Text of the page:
How do I practice guitar to ensure progress?
How would you recommend practicing guitar for an intermediate guitar player (my technique is good but my theory is very weak)?
I have found that if I keep learning the same stuff (e.g. scales) in too much depth I tend to end up in a rut after a while and lose interest. How much depth in each of the topics (scales, chords, lead, rhythm, songwriting) is recommended initially for someone with a weak knowledge of guitar theory?
If you're getting to the point where you're losing interest, that suggests there is not enough variation in your practice regime.
I've always made sure any practice session generally consists of 50/50 theory time and practical/application time. Then it's just a case of connecting the two in a logical way.
For example, you could spend an hour looking at how diminished chords are constructed and some forms across the guitar fretboard, then spend an hour trying to write a chord progression that incorporates some diminished chord forms you've learned.
Literally, putting your theory into practice every step of the way, otherwise it may become lost in the back of your mind. It's like how some people find getting their ideas/thoughts on paper helps to cement them in their mind.
With scales, the theory side is learning its intervals, the chords it works over and its patterns (although you would perhaps only pick one or two patterns per practice session). The practical side is using lead techniques to navigate the scale in interesting ways.
An example of a scale focused practice session would be spending an hour getting to know a scale in pure form and then another hour applying just one or two lead techniques (e.g. bends, pull-offs) to the scale pattern you've learned.
There is a balance to be struck between keeping your practice time varied but at the same time not jumping from one thing to the next before you feel you've accomplished anything.
If your knowledge of guitar theory
is weak, perhaps you should weight your study/practice time to 80/20, to spend more time on those foundation concepts. A lot of theory can be seen as "bed time reading" and yes it can be a bit dull, but there are some great interactive programs such as Guitar Notes Master
to help engage you more.
Once you understand these basic elements (e.g. what is a scale? What are intervals?) you can structure your guitar practice time more efficiently...
Here's an example of a practice schedule covering both theory and application.The week's objectives
1) Learn a scale
2) Learn some chords and progressions this scale would work over (you'll learn this in the scales lessons on this site e.g. by looking at the tones that make up the scale or listening to the backing tracks)
3) Learn a lead technique you could use when playing this scale (e.g. hammer-ons/pull-offs, runs, string skipping etc.)
By the end of the week you should have combined these 3 elements into something practical, such as writing a short solo. You can then come back to each of these elements in more detail at a later time, and gradually build on your existing progress.Day 1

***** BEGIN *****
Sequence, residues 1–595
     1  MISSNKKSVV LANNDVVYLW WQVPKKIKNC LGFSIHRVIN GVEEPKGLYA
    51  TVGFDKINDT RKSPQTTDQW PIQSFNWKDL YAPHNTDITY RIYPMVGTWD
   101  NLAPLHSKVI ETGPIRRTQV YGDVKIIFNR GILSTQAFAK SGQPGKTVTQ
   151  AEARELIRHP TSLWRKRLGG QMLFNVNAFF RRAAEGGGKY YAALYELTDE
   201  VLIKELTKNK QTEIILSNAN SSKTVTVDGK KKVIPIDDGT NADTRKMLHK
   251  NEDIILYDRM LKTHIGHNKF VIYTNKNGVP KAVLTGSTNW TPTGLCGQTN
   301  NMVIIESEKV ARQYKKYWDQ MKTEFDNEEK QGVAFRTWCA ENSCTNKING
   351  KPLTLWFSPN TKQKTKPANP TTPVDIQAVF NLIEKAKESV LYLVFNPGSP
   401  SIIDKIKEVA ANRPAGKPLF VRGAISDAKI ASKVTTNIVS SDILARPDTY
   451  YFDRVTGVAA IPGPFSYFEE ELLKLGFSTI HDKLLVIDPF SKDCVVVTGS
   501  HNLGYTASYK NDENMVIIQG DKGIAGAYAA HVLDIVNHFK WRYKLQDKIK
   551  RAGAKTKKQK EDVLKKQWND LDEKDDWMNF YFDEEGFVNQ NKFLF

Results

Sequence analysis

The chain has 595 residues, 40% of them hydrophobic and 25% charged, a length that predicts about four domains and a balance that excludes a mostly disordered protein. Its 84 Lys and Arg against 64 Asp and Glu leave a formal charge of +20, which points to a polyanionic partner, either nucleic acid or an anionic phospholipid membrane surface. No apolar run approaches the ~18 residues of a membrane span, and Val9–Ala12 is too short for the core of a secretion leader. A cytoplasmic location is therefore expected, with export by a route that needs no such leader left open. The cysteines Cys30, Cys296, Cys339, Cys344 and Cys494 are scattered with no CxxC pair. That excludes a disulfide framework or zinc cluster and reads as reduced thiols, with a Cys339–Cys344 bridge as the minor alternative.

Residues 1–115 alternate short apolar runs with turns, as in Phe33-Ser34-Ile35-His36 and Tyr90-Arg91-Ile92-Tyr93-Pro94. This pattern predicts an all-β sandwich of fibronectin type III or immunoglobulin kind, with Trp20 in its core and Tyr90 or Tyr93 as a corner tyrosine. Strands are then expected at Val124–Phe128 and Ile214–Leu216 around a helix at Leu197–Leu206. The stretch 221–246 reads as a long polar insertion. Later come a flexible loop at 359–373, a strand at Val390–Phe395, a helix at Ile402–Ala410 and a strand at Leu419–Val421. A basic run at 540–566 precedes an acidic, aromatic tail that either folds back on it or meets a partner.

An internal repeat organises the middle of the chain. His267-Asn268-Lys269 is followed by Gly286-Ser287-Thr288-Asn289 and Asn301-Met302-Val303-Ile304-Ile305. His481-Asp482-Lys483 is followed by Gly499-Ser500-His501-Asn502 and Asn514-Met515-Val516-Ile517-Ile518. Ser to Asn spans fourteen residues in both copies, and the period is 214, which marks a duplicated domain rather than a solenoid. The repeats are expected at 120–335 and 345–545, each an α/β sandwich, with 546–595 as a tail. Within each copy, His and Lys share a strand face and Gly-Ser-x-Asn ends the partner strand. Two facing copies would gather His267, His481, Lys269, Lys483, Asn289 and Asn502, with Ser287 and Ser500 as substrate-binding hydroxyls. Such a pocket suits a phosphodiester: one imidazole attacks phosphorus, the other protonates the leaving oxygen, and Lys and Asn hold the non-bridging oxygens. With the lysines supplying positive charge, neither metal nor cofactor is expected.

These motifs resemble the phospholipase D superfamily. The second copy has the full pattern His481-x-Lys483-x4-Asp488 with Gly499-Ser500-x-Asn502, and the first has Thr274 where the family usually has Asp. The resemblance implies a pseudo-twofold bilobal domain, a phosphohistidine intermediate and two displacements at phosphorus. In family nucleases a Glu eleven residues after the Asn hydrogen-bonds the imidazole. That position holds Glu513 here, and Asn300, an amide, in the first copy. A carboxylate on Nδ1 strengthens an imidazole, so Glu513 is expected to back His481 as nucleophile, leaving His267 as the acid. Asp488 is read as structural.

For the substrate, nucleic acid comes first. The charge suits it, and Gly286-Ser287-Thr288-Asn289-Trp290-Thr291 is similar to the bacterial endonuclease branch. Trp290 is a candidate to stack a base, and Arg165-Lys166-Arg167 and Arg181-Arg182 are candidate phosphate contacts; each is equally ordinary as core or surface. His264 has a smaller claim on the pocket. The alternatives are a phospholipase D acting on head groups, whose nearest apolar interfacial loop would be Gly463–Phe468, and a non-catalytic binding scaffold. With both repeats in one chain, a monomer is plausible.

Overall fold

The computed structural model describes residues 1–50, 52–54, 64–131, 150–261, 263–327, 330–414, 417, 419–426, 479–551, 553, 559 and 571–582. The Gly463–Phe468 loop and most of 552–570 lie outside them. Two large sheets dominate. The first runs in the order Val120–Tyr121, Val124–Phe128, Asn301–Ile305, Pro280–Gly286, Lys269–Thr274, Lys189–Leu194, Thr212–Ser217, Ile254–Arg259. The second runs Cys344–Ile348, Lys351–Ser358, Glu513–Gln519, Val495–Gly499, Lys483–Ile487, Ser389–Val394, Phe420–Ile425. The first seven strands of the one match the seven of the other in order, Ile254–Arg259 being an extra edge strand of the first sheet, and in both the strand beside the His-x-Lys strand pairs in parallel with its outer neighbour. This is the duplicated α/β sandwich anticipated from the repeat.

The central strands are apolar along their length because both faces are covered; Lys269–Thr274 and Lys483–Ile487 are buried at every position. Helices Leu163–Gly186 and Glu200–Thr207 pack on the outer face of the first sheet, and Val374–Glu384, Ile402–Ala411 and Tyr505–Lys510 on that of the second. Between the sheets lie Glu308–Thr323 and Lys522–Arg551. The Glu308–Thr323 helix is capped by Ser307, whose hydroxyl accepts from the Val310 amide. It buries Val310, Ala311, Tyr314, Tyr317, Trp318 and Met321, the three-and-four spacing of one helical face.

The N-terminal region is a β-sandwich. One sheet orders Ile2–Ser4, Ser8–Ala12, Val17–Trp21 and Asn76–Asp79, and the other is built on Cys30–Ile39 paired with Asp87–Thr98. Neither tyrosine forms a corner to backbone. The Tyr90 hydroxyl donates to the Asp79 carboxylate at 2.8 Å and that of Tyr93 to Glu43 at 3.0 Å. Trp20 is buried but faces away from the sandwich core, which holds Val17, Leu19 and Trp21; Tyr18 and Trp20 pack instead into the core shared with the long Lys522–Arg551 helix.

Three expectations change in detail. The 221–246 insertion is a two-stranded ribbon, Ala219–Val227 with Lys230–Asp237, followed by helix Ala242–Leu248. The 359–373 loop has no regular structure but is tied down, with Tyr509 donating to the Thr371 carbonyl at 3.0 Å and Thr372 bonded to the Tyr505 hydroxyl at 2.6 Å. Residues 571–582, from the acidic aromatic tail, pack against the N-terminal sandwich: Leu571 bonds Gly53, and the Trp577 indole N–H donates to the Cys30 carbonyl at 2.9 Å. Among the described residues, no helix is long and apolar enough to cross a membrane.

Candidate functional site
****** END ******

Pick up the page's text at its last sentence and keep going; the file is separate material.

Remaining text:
1st hr: Take the chosen scale's lesson to learn the fundamentals of the scale. Spend an hour familiarising yourself with the basic box pattern.
2nd hr: Play around with the scale, exploring the scale's sound and creating phrases using the scale's tones.Day 2
1st hr: Learn a lead technique you can apply to the scale (you could take one of the lessons in the lead section).
2nd hr: Work in the lead technique to the scale pattern you learned yesterday, exploring it further.Day 3
1st hr: From the scale lesson you should have learned which chord(s) the scale works over. Use your theory time to explore this chord and its extensions (you could use the chord theory section).
2nd hr: Try creating a chord progression using this chord that the scale would work over.Day 4
1st hr: Work on learning the scale's other patterns in positions right across the fretboard. You may need a few days to get this nailed so take it in steps (e.g. learn 2 scale positions at a time).
2nd hr: Again, try applying your lead technique to the exploration of the scale patterns you learned. If you can record a backing track based on the chord progression you made yesterday, all the better.Day 5
1st hr: Spend some time studying existing solos that use the scale you've learned (finding a tab would help too). Which tones are they emphasising from the scale? What lead techniques are they using to dress their solo? Note down ideas.
2nd hr: Try putting some ideas into practise, ensuring you are injecting enough of your own interpretation in there. Focus on creating movements within the scale, across the patterns you've learned, that really bring out the scale's flavour.Bottom line
By the end of each week you should have brought together both theoretical and practical knowledge. Of course, some weeks you may just end up going with the flow and just study theory, which is fine. But do make sure that most of the time there's a variation between theory/practical, planning your sessions so that by the end of a given period, whether it be 1 week or 1 month, you have a goal which unifies these elements.